It took a while, but Phoenix has been re-released under my name and through Voodoo Lily Press at Amazon, B&N, Kobo, Oyster, and various other vendors. If you read and like it, I’d appreciate a review at Amazon and GoodReads.
Back to flash fic Monday. It’s been a couple or three weeks since I wrote one.
He stared at the steps that led out over the water, straight to the sun. He was amazed at the construction, as the path had obviously been formed using tree trunks similar in size and placed to facilitate ease of travel. Hop up on the first step, then move forward easily and smoothly, like crossing a stream on carefully placed rocks.
“Where does it go?” he asked his companion. “It ends somewhere, right?” He laughed uneasily. “It can’t possibly take you all the way across the ocean.”
Marok smiled and squinted against the light. “How old are you now, Jem?”
“Sixteen as of yesterday.” There had been a party and presents and stolen kisses with Marok in dark corners. Remembering sent a thrill through him.
“Then it’s time.” He gestured to the wood steps. “Get up there. I’ll be right behind you.”
Jem shot him an anxious look. “And then what?”
Marok laughed. “Just do it. You trust me, don’t you?”
Jem wasn’t sure but saying that would have been impolite, so he kept his mouth shut.
Marok nudged him. “Move. We want to do this while it’s still light.”
Seeing no way around it, Jem lightly leaped to the first step, then jumped ahead to the next one. It was easy. Even his grandmother could have done it. The spacing between the steps was perfect, and there was plenty of surface to land on. His balance would had to have been really bad for this to scare him.
He paused on one round step to look at the water, which gently lapped against the wood as the tide rose. He’d always been drawn to the ocean, spending a lot of time looking at it, feeling it, tasting it as he swam and played in it growing up. He knew its buoyancy and salty tang, and he’d enjoyed eating from its bounty. He didn’t like meat nearly as much as he loved seafood.
He stopped abruptly, Marok landing behind him and colliding with his backside unexpectedly.
“Keep going,” Marok instructed sharply. “What the hell, Jem.”
“The sun will sink soon.” Shading his eyes, he thought he could see to the very end of this strange path. “We should go back now, while we can still see clearly.”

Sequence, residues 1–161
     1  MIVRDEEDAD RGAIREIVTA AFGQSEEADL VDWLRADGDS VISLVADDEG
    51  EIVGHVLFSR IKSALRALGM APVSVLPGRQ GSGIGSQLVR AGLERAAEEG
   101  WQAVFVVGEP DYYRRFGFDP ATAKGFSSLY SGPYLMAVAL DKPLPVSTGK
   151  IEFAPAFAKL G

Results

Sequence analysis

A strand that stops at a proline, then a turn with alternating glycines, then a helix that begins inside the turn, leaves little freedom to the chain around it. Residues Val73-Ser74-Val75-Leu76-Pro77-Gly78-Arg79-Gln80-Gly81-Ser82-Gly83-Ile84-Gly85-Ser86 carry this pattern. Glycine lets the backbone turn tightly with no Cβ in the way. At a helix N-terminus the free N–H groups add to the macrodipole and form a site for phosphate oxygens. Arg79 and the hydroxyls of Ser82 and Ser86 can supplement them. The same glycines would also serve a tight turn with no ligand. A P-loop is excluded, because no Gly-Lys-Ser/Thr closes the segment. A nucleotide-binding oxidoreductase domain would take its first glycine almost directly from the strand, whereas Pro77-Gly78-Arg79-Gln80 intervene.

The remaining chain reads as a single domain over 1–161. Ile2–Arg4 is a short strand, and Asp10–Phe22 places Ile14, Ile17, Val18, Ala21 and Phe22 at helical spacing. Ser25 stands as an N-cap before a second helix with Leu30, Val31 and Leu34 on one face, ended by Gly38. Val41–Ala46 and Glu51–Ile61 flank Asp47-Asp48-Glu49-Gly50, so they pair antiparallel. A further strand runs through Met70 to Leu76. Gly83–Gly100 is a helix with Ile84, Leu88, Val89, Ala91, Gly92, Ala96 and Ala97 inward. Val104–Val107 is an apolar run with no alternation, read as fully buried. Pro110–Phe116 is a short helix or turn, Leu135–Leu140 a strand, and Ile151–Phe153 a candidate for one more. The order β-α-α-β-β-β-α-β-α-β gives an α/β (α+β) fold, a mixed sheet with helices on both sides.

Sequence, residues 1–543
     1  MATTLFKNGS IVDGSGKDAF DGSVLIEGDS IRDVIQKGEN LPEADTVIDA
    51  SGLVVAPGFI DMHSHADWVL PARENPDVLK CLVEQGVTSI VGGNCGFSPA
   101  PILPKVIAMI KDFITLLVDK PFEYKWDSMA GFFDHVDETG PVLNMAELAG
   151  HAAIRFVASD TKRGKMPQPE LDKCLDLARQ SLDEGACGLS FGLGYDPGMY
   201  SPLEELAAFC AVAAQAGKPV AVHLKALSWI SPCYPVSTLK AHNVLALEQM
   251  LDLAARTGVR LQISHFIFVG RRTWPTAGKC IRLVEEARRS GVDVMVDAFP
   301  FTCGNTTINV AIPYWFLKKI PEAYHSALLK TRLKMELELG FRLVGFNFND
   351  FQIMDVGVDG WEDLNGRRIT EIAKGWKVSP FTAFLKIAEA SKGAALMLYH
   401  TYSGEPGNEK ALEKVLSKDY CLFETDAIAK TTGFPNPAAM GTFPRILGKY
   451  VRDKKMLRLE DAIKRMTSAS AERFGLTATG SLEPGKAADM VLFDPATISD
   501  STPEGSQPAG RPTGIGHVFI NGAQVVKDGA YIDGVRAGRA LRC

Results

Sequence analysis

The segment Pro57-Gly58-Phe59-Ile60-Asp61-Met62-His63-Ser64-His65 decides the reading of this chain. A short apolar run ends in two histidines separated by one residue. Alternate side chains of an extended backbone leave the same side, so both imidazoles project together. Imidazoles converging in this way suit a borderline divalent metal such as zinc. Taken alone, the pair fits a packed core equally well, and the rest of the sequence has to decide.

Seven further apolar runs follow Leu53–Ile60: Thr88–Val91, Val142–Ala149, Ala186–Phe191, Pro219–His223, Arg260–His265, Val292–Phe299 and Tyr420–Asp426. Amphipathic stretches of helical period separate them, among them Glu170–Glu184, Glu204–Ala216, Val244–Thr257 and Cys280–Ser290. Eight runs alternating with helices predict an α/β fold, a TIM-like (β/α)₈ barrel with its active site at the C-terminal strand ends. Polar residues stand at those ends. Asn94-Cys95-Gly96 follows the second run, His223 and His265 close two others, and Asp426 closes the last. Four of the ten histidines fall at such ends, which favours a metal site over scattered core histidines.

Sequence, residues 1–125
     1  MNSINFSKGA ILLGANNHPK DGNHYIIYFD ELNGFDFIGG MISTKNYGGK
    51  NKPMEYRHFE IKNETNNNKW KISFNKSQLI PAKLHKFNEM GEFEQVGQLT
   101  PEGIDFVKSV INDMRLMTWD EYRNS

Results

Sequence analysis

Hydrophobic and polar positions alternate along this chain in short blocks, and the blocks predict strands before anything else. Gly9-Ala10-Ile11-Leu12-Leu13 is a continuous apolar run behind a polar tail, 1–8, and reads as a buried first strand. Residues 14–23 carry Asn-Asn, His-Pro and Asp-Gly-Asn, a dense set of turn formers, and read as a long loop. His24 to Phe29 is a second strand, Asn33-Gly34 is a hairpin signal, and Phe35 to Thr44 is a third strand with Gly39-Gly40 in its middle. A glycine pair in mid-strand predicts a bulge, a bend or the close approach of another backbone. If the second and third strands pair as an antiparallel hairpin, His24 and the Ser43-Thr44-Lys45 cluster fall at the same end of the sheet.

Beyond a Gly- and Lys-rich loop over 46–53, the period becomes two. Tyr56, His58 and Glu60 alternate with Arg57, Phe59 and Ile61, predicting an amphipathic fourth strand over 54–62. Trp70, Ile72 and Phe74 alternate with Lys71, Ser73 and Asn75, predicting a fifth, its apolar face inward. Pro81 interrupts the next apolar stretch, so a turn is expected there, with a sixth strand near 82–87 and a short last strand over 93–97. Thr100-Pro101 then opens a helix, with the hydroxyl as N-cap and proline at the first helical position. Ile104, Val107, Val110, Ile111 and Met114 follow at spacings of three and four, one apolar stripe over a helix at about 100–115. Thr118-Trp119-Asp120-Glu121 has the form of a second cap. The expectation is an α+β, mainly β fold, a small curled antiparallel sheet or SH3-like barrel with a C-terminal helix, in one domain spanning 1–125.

Marok wrapped his arms around Jem and leaned in to nibble his ear. “We have to go all the way to the last step. You’re not afraid, are you?”
“Course not. Why would I be?” Jem swam like a fish. If it came to it, he’d simply swim to shore, no problem.
Marok felt so good against him, Jem dallied, leaning back, feeling hard muscle behind him, inhaling his scent. Why not stay here a while and enjoy the last of the light, listen to the seagulls calling overhead, feel the temperature drop as the night air moved in? The step was big enough for them both. They were in no danger of falling off.
Jem felt soft lips on his neck and sighed. This was going better than he’d expected.
But then Marok pulled away. “We’re almost there.”
Disgruntled, Jem hopped to the next step, and the next and the next until he stood on the last one. Half the sun was below the horizon. In minutes, it would be gone and dusk would set in. The stars were already coming out, and later the moon would rise.
This last tree trunk had a larger circumference than all the others. Marok landed beside him, and there was still room to spare.
“Now what?” Jem asked, shielding his eyes from the dying sun.
Marok yanked him into a kiss, a meeting of their lips that stole his breath. When Marok pulled away, smiling, Jem gasped in delighted surprise. He’d wanted that to go on forever.
“Now what?” Marok echoed. “We jump.” He pushed Jem hard.
Jem went under with his lungs only half full of air. The water was icy, and he immediately struck out for the surface even as Marok splashed into the water beside him.
He had almost broke into the open when something–someone–grabbed his legs, halting upward progress. His chest started to burn as he starved for oxygen. Darkness drew in around him. Panicking, he struggled against the hands holding him under.
Stop struggling, Marok said in his head. Breathe.
Breathe? What the hell was he saying? Not three feet above him, the last of the sunlight sparkled red and gold on the surface. Captured by its beauty, lungs bursting, he opened his mouth and sucked in water.
The pain was ferocious, a wave of cold that sliced through him like knives. He closed his eyes and waited to die, absently aware of Marok holding him tight. Peace flowed through him, and then he realized he was still alive, still breathing… but it was water, not air filling his lungs.
Marok made him look down, and Jem was shocked to see his legs fusing together into a thick tail. Panic returned, but Marok whispered in his head again.
Don’t be scared. This is who you are, who we are. You are born anew. From now until you are twenty-one, you can walk on land or live in the sea. Then you choose.
Jem was confused. Are you… are you thinking thoughts to me?
We are a telepathic race. He laughed. Have you ever tried to talk underwater? Doesn’t work. Marok took his hand and tugged. Ready to explore?
Jem looked up. The sun was gone but he could see as clearly as if the water was lit by floodlights. His eyes must have changed too, along with his lungs and legs. Excitement took the place of fear. Will you stay with me?
Marok grinned. Always.
Then let’s go. Jem took Marok’s hand. Show me my new world.
Word count: 970; oops!
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